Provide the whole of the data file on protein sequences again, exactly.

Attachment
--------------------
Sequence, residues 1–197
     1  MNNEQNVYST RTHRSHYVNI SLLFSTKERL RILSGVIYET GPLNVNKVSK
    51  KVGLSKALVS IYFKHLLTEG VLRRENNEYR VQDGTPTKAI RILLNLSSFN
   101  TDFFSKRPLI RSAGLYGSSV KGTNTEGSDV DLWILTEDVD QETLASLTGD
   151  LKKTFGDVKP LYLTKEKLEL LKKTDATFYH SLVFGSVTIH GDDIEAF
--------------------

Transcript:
Sequence, residues 1–197
     1  MNNEQNVYST RTHRSHYVNI SLLFSTKERL RILSGVIYET GPLNVNKVSK
    51  KVGLSKALVS IYFKHLLTEG VLRRENNEYR VQDGTPTKAI RILLNLSSFN
   101  TDFFSKRPLI RSAGLYGSSV KGTNTEGSDV DLWILTEDVD QETLASLTGD
   151  LKKTFGDVKP LYLTKEKLEL LKKTDATFYH SLVFGSVTIH GDDIEAF